Take the back cover off the HTC Sensation XE and you will find a 1730mAh battery inside.
While running Android 2.3 (Gingerbread) Sensation XE users complained that the battery life was still poor, even though it packed a bigger battery than the original Sensation.
There is some good news though, as the update to Android 4.0.3 Ice Cream Sandwich and Sense 3.6 looks to have optimised the Sensation XE, giving you more power from the same battery.
Now don't expect record breaking performance, but we were comfortably able to get a full day's use out of the Sensation XE, which included web browsing over Wi-Fi and 3G, calls, texts, games and some classic YouTube action.
We would still strongly recommend a nightly charge for the HTC Sensation XE, but the software updates seem to have made a marked improvement and will reduce panic on a daily basis.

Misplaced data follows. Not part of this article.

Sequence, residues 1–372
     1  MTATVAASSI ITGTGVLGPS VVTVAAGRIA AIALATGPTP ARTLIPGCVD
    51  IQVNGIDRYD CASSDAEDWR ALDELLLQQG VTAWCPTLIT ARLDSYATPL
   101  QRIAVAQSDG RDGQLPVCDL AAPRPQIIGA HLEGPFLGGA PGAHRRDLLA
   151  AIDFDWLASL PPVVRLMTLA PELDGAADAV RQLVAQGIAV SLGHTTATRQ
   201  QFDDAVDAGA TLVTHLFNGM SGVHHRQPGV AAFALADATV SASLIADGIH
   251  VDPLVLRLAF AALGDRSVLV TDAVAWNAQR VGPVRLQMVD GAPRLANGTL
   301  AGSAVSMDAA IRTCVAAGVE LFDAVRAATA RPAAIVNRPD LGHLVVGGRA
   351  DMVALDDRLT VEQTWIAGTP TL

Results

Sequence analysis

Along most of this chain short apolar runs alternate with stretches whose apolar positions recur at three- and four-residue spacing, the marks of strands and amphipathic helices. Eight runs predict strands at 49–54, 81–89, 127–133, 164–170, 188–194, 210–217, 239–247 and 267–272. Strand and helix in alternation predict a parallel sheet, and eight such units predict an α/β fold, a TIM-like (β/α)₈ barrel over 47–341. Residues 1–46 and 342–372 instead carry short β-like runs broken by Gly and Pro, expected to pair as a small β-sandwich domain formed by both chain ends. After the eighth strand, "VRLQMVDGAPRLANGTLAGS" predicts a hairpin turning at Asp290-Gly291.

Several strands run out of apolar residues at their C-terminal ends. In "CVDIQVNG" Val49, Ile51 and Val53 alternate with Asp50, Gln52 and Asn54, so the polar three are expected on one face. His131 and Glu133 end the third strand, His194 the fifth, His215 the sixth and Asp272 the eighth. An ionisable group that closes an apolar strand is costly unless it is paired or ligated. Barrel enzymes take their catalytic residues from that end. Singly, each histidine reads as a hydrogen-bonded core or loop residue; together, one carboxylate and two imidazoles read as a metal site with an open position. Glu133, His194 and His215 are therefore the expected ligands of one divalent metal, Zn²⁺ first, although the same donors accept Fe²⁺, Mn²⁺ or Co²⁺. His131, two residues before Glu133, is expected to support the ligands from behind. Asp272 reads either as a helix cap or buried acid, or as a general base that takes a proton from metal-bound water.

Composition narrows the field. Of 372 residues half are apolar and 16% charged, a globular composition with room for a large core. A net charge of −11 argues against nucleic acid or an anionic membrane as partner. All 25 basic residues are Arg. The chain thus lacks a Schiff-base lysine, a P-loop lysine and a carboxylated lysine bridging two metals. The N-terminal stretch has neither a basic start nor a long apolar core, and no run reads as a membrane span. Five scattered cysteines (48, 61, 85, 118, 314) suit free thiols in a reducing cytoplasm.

As you may expect from high-end smartphones these days the Sensation XE provides you with numerous connectivity options included Wi-Fi, Bluetooth, GPS and USB. The only main omission here is NFC technology.
The microUSB slot is found towards the bottom on the left hand side of the handset and its placement means the Sensation XE is difficult to hold in the hand while charging or connected to a computer, as the wire sticks out and gets in the way.
You can also use the Sensation XE as a Wi-Fi hotspot if you need to share some web love with your laptop and it can be easily set up via the Settings menu - although this drains the battery like crazy.
The Sensation XE also provides DLNA with its Connected Media app allowing you to easily stream music, videos and pictures to compatible TVs, computers and game consoles, which competes strongly with Samsung's AllShare and Apple's AirPlay solutions.
If you fancy hooking up the old fashioned way via USB, the HTC Sensation XE allows you to simple drag and drop files on and off the phone – although you will need to be careful as its pitiful 1GB of internal memory will fill up fast.